“When the grief of losing [her] becomes too much, the sunsets over the ocean remind me of how her smile brightened my cloudy thoughts, and how her beauty burst forth when she smiled. In that last burst of light before dark, I can be with her again.”
I was graciously gifted a copy of Bring the Rain (set to be published on May 22) and asked to give my opinion once I had finished reading the book. I was really intrigued by the synopsis of the story and delighted to have the opportunity to read a book prior to its publicity date.
Sixty-three-year-old Dart Sommers is a professor of psychology and the founder of the Raindrop Institute (TRI), a group that is dedicated to ending poverty. Dart is incredibly intelligent and determined to make a change in the world as we know it. She has always considered her brain to be her best attribute. When she finds herself reacting inappropriately to situations at work and forgetting pieces of her day, she realizes that her mind is starting to betray her. Before she even has a chance to meet with a doctor, she knows what her diagnosis is: she has frontotemporal dementia (FTD). The symptoms that she is experiencing now are only going to get worse. While she is struggling with the reality of what is going to happen to her, she finds that she is falling for her dear friend, Ash, her boss and a widower whose wife had FTD. Dart is determined to push Ash away, to spare him more heartache. But, he refuses to give up on her—and as events unfold, Dart begins to suspect that love might change everything.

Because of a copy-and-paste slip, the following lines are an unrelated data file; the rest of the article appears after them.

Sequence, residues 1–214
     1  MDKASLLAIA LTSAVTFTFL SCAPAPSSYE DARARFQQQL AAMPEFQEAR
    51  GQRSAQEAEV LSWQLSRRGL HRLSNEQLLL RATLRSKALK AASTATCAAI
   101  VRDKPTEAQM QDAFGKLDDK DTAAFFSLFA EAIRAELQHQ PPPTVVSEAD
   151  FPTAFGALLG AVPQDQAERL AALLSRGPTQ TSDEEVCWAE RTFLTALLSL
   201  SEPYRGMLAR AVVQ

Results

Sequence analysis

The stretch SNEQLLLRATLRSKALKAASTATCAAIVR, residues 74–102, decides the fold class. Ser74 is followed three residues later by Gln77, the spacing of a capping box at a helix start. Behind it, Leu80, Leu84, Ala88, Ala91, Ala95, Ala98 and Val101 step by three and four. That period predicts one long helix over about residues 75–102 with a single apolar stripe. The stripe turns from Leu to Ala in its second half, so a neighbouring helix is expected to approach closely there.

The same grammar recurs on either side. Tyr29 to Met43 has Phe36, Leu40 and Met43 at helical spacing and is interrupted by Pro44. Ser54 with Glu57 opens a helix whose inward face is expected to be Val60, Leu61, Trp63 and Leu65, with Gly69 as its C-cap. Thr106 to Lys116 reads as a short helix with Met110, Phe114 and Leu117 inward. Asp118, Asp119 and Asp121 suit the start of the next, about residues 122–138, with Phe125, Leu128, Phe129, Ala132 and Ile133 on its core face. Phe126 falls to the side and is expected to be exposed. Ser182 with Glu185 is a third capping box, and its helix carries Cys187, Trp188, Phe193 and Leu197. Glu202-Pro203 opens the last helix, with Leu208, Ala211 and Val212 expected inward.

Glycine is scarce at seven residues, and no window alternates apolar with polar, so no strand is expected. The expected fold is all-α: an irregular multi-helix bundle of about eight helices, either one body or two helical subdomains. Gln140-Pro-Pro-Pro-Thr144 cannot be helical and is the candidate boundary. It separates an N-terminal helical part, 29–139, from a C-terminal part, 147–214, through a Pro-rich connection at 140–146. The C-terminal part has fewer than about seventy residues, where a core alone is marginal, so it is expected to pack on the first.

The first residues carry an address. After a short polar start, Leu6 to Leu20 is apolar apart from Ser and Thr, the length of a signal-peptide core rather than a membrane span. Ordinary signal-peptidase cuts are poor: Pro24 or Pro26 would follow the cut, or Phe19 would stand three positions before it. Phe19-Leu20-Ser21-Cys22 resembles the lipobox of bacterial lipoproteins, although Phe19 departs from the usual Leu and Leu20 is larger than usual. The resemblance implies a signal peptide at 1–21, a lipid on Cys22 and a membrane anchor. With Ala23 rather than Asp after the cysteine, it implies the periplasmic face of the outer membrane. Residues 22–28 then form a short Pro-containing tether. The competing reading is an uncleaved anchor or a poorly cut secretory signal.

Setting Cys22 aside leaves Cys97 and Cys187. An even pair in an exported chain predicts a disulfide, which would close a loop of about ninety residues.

I have always been fascinated by the human brain. Why do we do the things that we do? How does a person become who they are? What happens to the brain when a sickness like FTD takes over? Unfortunately, I have been able to see first-hand the devastating effects of dementia.
Bring the Rain is a thought-provoking, deeply moving story about what happens to someone who is faced with the deterioration of their greatest asset. While reading along as Dart Sommers expressed her tenacious beliefs on how to eradicate poverty, I found myself wishing that I could sit in on one of her classes and learn from her. This book is full of truly fascinating ideas and questions that would make for a perfect book club pick.
Also, I should mention that while what was happening to Dart was on an incredibly complex level, the author, JoAnn Franklin did a remarkable job making it understandable for a reader who is not well-versed in science.
Thank you to She Writes Press for sending me a copy of this book. Also, thank you to JoAnn Franklin for writing Dart’s story and allowing me to have the opportunity to learn more about the very real future that individuals diagnosed with FTD face.
Bring the Rain by JoAnn Franklin is set to be published on May 22, 2019.